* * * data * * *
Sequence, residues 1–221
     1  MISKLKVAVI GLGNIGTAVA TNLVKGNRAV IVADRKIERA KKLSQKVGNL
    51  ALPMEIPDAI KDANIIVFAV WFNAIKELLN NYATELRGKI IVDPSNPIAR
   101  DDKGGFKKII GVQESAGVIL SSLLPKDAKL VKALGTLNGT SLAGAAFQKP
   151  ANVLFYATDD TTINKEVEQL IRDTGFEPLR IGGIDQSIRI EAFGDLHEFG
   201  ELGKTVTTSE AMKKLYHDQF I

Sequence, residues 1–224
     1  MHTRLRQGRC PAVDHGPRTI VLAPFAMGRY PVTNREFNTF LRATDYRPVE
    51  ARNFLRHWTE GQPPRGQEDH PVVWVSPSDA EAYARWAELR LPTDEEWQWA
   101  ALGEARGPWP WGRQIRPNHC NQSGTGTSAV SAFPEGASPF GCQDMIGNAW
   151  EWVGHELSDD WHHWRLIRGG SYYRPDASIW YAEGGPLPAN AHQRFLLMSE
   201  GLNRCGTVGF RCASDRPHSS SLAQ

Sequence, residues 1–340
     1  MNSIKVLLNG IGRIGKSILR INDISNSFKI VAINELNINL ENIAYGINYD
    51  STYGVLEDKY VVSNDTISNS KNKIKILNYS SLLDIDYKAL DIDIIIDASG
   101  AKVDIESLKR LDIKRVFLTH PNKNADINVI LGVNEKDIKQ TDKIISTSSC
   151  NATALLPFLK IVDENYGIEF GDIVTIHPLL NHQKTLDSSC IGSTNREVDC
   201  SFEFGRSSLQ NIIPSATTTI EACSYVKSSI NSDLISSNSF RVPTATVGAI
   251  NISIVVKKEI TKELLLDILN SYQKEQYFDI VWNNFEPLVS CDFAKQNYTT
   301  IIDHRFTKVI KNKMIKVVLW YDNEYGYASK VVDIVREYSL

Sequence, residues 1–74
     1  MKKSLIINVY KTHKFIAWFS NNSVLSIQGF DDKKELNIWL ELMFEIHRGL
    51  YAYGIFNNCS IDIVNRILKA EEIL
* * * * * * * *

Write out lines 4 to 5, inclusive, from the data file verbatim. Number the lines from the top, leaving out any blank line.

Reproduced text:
   101  DDKGGFKKII GVQESAGVIL SSLLPKDAKL VKALGTLNGT SLAGAAFQKP
   151  ANVLFYATDD TTINKEVEQL IRDTGFEPLR IGGIDQSIRI EAFGDLHEFG